If you’re like me, and I imagine most other real estate investors, you want to invest in real estate with as little money out-of-pocket as possible. The great news is there are a number of ways (yes, realistic ones) that you can get investment property loans with low down payments or possibly even no money down.
Investment property loans no money down
The only no-money-down investment property loans that I’m aware of are VA and USDA loans. With the VA, though, you need to be active or prior military (or a military spouse). USDA loans only apply to properties in certain rural areas.
Furthermore, you can’t get a VA loan for an investment property unless it’s a multi-family (2-4 units), and you’re willing to live in one of the units. The USDA has special multi-family financing to help investors provide housing for low-income individuals, but that’s about it in terms of investment property financing from the USDA.
FREE Real Estate Investing Checklist. Instant Access.
With this being said, VA & USDA loans aren’t a viable option for most of us, so let’s move on.
Investment property loans with low down payments
When it comes to investment property loans with low down payments, FHA loans are probably your best bet. With an FHA loan, borrowers can get financing for an investment property with down payments as low as 3.5%.
However, like VA loans, you can’t get FHA financing for a single-family investment property; it must be a multi-family structure, and you need to live in one of the units.
So, unless you want to buy a multi-family property and live in one of the units, none of these options so far will work for you, but there is something you can still do to get an investment property loan with low or no down payment: personal loans.
Use personal loans (this is what I did)
With the limitations tied to FHA, VA & USDA financing, and with conventional loans for investment properties usually requiring at least 20% down, a viable alternative is to use personal loans to either fund your down payment or just buy the property with cash.
Now, at first blush, it may seem financially irresponsible to use a personal loan in this fashion, but let me explain, and I think you’ll get excited about the idea.
First of all, the personal loan is only going to be used for the short-term because you’re going to do a cash-out refinance and pay it off in about 4-6 months (I’ll explain).
Here are the steps to take:
Step #1: Inquire about a personal loan
Reach out to The Loan Exchange to see how much of a personal loan you can get approved for. The Loan Exchange offers personal loans up to $100,000. You’re not committing to anything; you’re just seeing how much you can borrow.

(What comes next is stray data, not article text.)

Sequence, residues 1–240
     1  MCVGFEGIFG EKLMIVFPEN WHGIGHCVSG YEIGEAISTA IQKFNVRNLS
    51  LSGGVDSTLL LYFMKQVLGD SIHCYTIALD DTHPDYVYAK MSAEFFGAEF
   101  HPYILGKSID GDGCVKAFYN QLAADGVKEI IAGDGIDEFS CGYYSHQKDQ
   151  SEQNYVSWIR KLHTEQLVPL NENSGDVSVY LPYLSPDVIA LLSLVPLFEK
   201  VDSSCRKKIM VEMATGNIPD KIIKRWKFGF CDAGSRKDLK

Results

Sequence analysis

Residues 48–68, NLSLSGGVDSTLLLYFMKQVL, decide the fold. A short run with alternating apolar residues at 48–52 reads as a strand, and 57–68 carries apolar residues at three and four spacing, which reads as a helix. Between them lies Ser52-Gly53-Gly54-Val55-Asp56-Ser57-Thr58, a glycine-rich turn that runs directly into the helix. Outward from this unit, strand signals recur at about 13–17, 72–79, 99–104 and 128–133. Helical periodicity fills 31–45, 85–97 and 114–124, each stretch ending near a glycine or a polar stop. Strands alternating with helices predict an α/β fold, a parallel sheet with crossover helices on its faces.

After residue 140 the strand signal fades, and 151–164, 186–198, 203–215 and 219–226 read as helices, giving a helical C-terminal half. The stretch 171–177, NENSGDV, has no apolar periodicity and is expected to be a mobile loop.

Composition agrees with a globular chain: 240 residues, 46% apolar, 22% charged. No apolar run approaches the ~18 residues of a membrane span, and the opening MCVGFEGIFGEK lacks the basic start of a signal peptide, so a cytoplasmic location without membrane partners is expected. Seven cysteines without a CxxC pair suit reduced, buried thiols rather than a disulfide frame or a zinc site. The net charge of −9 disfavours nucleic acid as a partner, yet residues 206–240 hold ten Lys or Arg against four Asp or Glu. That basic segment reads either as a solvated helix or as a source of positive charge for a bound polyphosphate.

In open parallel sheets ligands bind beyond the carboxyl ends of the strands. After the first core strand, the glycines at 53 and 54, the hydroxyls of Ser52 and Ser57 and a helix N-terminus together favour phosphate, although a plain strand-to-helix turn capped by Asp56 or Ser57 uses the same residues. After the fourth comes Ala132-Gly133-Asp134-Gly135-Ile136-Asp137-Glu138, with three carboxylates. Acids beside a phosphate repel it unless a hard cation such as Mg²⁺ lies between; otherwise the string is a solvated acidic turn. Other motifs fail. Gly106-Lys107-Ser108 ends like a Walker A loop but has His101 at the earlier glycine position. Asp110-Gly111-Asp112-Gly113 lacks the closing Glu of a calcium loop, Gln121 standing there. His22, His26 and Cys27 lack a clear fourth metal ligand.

Step #2: Talk to your lender about a purchase mortgage
Once you know how much you can get approved for with The Loan Exchange, reach out to your lender to inquire about a purchase mortgage. I recommend using a portfolio lender instead of a big national lender.
Step #3: Look for an investment property
Once you’ve got your financing lined out, start shopping for an investment property.
Step #4: Speak to a lender about a cash-out refinance
Once you acquire your property and renovate it, go back to your lender, or possibly a different lender, and tell them you want to do a cash-out refinance.
A cash-out refinance will allow you to borrow usually 80% of the property’s current value. I say “current value” because the property has been rehabbed at this point.
Example of a cash-out refinance
So, here’s what it might look like. Let’s say you buy a fixer-upper for $50,000. The bank finances 80% of the purchase ($40,000), and you pay the down payment of $10,000 with a personal loan from The Loan Exchange. You spend $20,000 rehabbing the property, and it’s after-repair-value (ARV) is $100,000.
Let’s assume with a cash-out refinance that the bank will loan you 80% of that $100,000, so $80,000. After you pay off your $40,000 mortgage, your $10,000 personal loan, and the $20,000 in debt you acquired to renovate the property, you put $10,000 in your pocket.
Note: to keep the math simple I didn’t factor in bank fees for doing a cash-out refinance which, in my experience, will equate to around 2% of the loan amount.
This strategy is exactly how I was able to buy nearly 40 rental properties in two years with very little money out-of-pocket.
Don’t forget about closing costs (use seller concessions)
A common misconception among newer real estate investors, is that the down payment is the only out-of-pocket expense when purchasing an investment property. This is not the case. We also have to figure closing costs.
Typically, buyers will pay between 2%-5% of the purchase price in closing costs. So, if you’re purchasing an investment property for $50,000, you can plan on $1,000-$2,500 in fees you’ll have to pay at closing. Check out this Zillow article for a list of closing costs.
However, there is a way to get around this as well: seller concessions.
Seller concessions are a beautiful thing because the seller is paying part or all of the buyer’s closing costs. Now, you may have to agree to a higher purchase price to get a seller to do this, but it is a very viable and legal way to get your closing costs paid for.
Is it possible to get investment property loans with no money down? Yes, but it will likely include funding the down payment with money from a personal loan.
Also, there are other ways to minimize or eliminate your down payment such as private money & owner-financing. Check out my post on investment property loans for more on this topic.